"Hyde Park on Hudson"

Bill Murray is a man of many talents who has lately struggled to find the right outlet for them. The latest example, "Hyde Park on Hudson," finds Murray in a tame, mannered costume drama delivering his best FDR impression. The actor's pathos and deadpan skills are buried in the material, which also suffers from a continuous lack of inspiration. It's high-minded entertainment with low ambition. Read more here. Criticwire grade: C+

"The Last Time I Saw Macao"

A provocative cinematic poem in the tradition of the late Chris Marker, "The Last Time I Saw Macao" valiantly attempts to dissect an entire metropolitan history. Perhaps because it aims so big, not every fragment connects, but Portuguese co-directors Joao Pedro Rodrigues and Joao Rui Guerra da Mata unload an intriguing collection of attitudes, themes and memories based around a largely effective combination of nostalgia and colonialist regret. Read more here. Criticwire grade: B+


There are moments in "Leviathan" so breathtaking that it's easy to forget they're also familiar. Documentarians Vérena Paravel and Lucien Castain-Taylor follow a pair of fishing vessels off the coast of Massachusetts from nearly every imaginable angle as well as a few impossible ones: Captured on small digital cameras fixed to fishermen helmets, tossed beneath the waves and strewn across the deck among the dead-eyed haul, the barrage of visuals populating "Leviathan" contain a routinely dissociative effect. The dialogue is sparse and distant, drowned out by hulking machinery, wind and water. The movie could take place on another planet; instead, it peers at this one from a jarring and entirely fresh point of view. Read more hereCriticwire grade: A

"Life of Pi"

Yann Martel's bestselling 2001 novel "Life of Pi" followed the young Indian survivor of a shipwreck stuck on a lifeboat with a tiger -- the kind of high concept scenario both easy to comprehend and difficult to envision in movie terms. Much of the story, narrated by its spiritually minded protagonist, contains prolonged philosophical discussions and remains tethered to an extremely minimalist setting. That Ang Lee has managed to turn the limitations of his source material into his adaptation's greatest strength makes "Life of Pi" a significant achievement for the filmmaker in spite of blatant problems with structure, dialogue and other surface issues. "Life of Pi" succeeds in its most audacious moments and struggles whenever it returns to familiar ground. Read more here. Criticwire grade: B

"Like Someone in Love"

There's a lot of driving and talking in "Like Someone in Love," Iranian director Abbas Kiarostami's latest production made outside of his native country, but beyond that is anyone's guess. Following last year's Tuscany-set "Certified Copy," the new movie finds the director in the vastly different turf of Tokyo with an all-Japanese cast. For Kiarostami buffs, that imbues the material with a disorienting quality, but it still manages to settle into a familiar Kiarostami enigma. Even far away from home, Kiarostami is still Kiarostami. Read more here. Criticwire grade: B+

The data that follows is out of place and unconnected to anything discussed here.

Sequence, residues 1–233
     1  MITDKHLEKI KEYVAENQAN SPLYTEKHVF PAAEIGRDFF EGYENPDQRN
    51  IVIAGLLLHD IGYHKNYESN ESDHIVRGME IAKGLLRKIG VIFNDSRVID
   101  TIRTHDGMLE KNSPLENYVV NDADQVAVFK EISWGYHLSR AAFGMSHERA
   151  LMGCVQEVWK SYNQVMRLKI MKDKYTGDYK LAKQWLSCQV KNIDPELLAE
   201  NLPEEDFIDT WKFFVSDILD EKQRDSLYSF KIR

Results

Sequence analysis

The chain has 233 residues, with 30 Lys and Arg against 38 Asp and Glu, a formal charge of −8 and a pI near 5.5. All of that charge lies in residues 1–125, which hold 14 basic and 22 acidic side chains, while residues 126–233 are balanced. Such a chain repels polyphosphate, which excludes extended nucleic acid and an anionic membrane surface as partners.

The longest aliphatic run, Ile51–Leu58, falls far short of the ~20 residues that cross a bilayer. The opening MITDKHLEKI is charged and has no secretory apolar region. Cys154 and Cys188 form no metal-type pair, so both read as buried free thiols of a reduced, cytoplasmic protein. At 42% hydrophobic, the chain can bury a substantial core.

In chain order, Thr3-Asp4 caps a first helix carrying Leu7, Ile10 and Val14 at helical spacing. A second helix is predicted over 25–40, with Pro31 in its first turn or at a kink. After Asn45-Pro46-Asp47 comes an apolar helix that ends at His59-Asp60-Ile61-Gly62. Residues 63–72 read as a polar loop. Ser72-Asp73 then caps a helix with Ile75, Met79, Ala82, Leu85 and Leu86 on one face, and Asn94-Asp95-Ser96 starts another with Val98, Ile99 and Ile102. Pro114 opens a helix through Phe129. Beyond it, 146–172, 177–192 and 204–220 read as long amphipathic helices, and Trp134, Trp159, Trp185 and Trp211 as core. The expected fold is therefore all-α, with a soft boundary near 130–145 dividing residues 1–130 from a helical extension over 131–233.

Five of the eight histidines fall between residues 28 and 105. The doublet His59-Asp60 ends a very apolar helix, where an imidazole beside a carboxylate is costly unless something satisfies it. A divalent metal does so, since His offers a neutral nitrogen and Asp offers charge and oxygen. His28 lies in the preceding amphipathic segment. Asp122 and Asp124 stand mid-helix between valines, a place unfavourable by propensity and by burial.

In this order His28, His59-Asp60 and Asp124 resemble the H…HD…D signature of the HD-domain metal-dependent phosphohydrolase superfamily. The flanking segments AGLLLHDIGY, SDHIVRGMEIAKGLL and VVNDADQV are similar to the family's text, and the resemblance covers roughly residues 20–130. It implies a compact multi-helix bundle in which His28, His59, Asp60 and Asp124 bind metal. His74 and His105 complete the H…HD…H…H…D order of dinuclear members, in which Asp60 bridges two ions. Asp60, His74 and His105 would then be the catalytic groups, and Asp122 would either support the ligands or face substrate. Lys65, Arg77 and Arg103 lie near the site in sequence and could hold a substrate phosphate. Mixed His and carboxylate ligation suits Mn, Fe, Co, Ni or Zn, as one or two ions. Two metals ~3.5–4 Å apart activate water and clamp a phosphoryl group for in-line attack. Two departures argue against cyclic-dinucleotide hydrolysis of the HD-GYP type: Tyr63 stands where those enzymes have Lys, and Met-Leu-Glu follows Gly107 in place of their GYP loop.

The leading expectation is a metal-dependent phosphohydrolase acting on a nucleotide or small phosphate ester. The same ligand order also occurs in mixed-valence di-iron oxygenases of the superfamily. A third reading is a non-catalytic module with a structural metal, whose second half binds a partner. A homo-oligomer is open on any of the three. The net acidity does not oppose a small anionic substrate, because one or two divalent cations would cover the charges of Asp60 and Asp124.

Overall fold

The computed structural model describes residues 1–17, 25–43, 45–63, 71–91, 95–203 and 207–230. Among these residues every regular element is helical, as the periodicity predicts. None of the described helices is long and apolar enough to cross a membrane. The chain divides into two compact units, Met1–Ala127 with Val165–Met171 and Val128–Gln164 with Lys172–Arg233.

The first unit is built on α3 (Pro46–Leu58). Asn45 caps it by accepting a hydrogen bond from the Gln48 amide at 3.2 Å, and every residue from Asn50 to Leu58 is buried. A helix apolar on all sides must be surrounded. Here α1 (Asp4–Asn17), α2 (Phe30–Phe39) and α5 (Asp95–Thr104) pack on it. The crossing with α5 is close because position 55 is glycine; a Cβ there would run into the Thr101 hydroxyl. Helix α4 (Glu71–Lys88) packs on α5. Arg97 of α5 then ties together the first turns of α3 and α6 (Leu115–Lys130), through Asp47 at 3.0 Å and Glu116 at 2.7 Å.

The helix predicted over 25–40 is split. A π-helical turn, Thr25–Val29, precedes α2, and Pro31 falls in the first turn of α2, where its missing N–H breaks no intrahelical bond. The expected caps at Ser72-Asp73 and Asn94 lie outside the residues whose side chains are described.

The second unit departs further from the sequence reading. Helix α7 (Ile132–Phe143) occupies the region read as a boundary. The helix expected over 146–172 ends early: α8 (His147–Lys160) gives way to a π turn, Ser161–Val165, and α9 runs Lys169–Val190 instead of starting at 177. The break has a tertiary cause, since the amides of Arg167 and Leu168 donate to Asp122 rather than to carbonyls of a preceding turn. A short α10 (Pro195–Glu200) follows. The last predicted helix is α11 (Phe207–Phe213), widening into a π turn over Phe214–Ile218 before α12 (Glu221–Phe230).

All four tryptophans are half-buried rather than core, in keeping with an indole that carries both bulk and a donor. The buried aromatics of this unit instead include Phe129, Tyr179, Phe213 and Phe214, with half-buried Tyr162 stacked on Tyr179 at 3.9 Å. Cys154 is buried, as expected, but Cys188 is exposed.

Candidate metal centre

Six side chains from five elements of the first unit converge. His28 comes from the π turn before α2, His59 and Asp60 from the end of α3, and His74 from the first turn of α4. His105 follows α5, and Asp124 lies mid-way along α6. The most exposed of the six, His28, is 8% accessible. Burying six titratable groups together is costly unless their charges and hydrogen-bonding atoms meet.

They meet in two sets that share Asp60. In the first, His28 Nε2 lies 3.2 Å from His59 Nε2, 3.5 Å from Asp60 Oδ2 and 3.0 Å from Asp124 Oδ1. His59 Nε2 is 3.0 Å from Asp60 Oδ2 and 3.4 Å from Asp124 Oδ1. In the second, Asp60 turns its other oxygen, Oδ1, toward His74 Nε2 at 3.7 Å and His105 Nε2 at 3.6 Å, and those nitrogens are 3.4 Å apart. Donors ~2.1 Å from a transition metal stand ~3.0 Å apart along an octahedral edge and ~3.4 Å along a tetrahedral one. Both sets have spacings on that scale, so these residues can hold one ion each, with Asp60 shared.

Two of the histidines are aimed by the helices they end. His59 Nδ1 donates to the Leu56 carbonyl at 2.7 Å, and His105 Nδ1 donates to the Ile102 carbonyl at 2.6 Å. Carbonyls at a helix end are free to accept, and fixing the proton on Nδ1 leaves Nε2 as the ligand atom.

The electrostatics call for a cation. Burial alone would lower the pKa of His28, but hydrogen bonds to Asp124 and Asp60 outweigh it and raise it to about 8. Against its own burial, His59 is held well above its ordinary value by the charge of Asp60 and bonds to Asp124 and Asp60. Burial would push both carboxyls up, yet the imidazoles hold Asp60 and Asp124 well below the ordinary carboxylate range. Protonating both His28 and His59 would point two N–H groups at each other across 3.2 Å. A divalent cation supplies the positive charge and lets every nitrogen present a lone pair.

With his last two features, "Tony Manero" and "Post Mortem," Chilean director Pablo Larraín quickly established himself as the preeminent chronicler of his country's lingering demons from its years of oppression under the dictatorship of Augusto Pinochet. For his third and most accomplished work, "No," Larraín has traded the allegorical track for the real thing, delivering a lively, mesmerizing drama about a national call to action during the 1988 referendum on Pinochet's presidency. With a full-bodied turn by Gael Garcia Bernal as its anchor, "No" broadens Larraín's range by replicating historical events in engrossing detail.  Read more here. Criticwire grade: A

"The Paperboy"

Lee Daniels' "The Paperboy" is a rare case of serious commitment to outright silliness. The director's follow-up to "Precious" takes the mold of an investigative period piece set amid racial tensions in late-'60s Florida, but Daniels fries the dramatic content with a blazingly absurd grindhouse style as extreme as the humidity bearing down on his characters. It's possible to enjoy aspects of "The Paperboy" if you assume a certain self-awareness behind the campier bits, but even then, the movie drowns in an overwhelming barrage of excess. Read more here. Criticwire grade: D+


Since the earliest stages of Brian De Palma's career, his thrillers have constantly walked a line between self-parody and earnest pastiche. "Passion," a reworking of the late Alain Corneau's final film "Love Crimes," reassuringly falls into this camp, signaling a return to form for the director despite its many flaws. Much more than a simple revamp of existing material, "Passion" is a veritable De Palma remix, at once a classy suspense movie and an unquestionably silly affair. Regardless of its glaring flaws, "Passion" is reassuringly old school. Read more here. Criticwire grade: B


Miguel Gomes ("Our Beloved Month of August") has made a decisively cinematic work, tapping into classic film traditions while subverting them with consistent narrative invention. Read more here. Criticwire grade: A-

"You Ain't Seen Nothin' Yet"

The 90-year-old Alain Resnais leaves plenty of room for his dynamic ensemble cast to act circles around the material while Resnais directs circles around them. It's little more than a stylistically intriguing exercise, but Resnais works out better than most. Read more here. Criticwire grade: B